Literary Sword Fights, Existential Squirrels and Endless Dumplings: An Interview with Managing Editor Katie Bockino
A new year, a new us. The Washington Square Review staff is back and we are so excited to be accepting poetry and fiction submissions until October 15. Send us your poems, your stories, all of your beautiful words; we can't wait to read 'em!
In the meantime, we sat down with Managing Editor Katie Bockino and asked what she looks for in surprising literature, what she'd be doing if she weren't heading up our beloved journal, and we discussed the puzzling nature of squirrels. Seriously. Enjoy!
1. Washington Square Review is accepting submissions until October 15; in terms of choosing content for this issue, what would you say the team is looking for?
We’re looking for stories and poems that make a person start calling/texting/banging on their neighbors’ doors and saying, “You NEED to read this right now.” And that sounds easier said than done, I know. But I suppose another way to phrase it is that we’re looking to read pieces where we can feel your passion. Where we can tell that you’re excited to be sending it to us, and can’t wait for us to read it. We want to publish pieces that surprise us, thrill us, and maybe even scare us because we’re so impressed. And I’ve felt that way about the stories and poems we’ve published before. Every time I reread them, I still get chills. That’s what we’re looking for.
2. If you weren't a writer/editor, what would you be doing?
Living in New Zealand and leading tours for the Lord of The Rings Experience. I would be enjoying breakfast, second breakfast, elevenses, luncheon, afternoon tea, dinner, and supper daily, while telling unsuspecting tourists trivia they don’t want to know.
3. Do you remember the first (or most recent!) time you were really moved by a piece of literature? Can you describe it?
The first time occurred when I was 14 and in freshman English. I was finishing up A Tale of Two Cities, and was in disbelief that Sydney was going to take Charles' place. Cue me sobbing into my borrowed copy of the book and having to awkwardly explain at the end of the year what happened to it. But that was the first time where I knew I wanted to study English and writing!
4. What does one day at Washington Square Review look like for you as Managing Editor?
Surprisingly, there aren’t as many sword fights as I thought there would be. But in reality, I come into the Lillian Vernon Creative Writing House, check the mail, answer the mail. Check the WSR email, answer emails. Go into the kitchen and heat up some dumplings I brought from home. Send out orders of the journal to subscribers. Eat some dumplings. Contact WSR staff and see what they need. Hold a meeting with members of the staff. Go over the production schedule. Organize upcoming events. Answer more emails. Contact more staff. Heat up my now cold dumplings. Wonder how I would fare in a sword fight. Be happy that I love my job and my staff and all of the emails and feel really excited that I get to do what I love every day.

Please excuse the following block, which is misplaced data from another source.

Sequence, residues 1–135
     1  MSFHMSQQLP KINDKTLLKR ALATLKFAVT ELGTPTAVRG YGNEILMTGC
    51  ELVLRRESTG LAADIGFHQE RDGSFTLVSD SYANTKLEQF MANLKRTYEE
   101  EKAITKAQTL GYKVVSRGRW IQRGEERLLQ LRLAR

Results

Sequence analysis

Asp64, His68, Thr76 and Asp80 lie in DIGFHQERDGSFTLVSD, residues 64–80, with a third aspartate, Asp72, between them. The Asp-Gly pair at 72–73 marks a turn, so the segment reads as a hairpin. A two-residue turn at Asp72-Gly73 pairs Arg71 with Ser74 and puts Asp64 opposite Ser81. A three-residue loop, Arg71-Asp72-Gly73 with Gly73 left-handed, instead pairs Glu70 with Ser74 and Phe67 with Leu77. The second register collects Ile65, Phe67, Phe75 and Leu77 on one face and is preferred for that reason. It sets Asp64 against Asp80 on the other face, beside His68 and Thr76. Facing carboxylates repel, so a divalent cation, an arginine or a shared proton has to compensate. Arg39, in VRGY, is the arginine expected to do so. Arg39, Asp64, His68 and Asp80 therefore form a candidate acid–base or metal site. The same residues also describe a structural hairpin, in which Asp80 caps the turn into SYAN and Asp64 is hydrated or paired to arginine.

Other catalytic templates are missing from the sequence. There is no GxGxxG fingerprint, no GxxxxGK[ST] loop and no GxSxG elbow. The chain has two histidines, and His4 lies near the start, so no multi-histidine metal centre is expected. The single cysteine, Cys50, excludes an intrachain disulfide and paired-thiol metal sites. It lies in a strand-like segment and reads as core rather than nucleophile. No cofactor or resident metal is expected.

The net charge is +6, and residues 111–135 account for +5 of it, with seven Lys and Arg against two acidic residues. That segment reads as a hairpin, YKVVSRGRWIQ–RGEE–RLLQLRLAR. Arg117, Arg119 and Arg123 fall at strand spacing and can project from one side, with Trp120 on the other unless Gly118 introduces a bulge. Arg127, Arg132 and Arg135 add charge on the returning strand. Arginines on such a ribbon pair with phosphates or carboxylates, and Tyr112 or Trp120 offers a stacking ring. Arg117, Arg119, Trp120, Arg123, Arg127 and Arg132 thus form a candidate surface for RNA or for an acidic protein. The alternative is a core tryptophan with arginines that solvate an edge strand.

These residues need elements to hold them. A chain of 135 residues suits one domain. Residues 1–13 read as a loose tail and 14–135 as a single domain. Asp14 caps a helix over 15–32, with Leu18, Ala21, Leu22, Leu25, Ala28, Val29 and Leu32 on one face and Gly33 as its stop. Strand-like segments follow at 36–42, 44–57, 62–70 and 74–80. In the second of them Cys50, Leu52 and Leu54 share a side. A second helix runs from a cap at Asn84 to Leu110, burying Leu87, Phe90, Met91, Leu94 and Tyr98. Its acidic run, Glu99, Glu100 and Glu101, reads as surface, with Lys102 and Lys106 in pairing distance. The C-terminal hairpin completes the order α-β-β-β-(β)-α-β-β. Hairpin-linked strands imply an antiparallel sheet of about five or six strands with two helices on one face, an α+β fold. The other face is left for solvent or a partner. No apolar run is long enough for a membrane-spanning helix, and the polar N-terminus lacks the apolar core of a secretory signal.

5. Do you have any tips or suggestions for a writer submitting to our journal for the first time?
First, proofread. Print out your story and proofread it with a pen and highlighter in hand. Secondly, make sure the first two pages really grab our attention. We want to be hooked from the very start. And, lastly, write what you’re passionate about, not what you think “we” (or other journals) want to see. If you’re in love with your story and characters then maybe we’ll fall for them as well.
6. If you could've written any book that already exists, which one would it be and why?
Honestly for every book I’ve read and enjoyed I’ve thought this! Whether I’m reading YA books or NYT best sellers or watching Grey’s Anatomy on TV. I sometimes think the best ideas for stories/books/pieces of art can be broken down into the simplest of sentences. A normal boy goes to a school filled with magic. A woman pretends to be dead to trick her cheating husband. A bunch of handsome doctors all work at the same hospital. But it’s the details in all of these that makes them stand out. The dialogue, the scenes, the voices. So after I read an amazing book, I think, “Oh man, I should have wrote this! But wait, actually, no, there’s no way I could have.”
7. If you could ask the universe (whatever that means to you) one question, what would it be?
What’s the purpose of squirrels? Did you, all wise and knowing universe, intend to create them? Or, as I suspect, was it a tragic accident and after they were freely roaming the earth you just shrugged and said, “Eh, I guess they can stay?”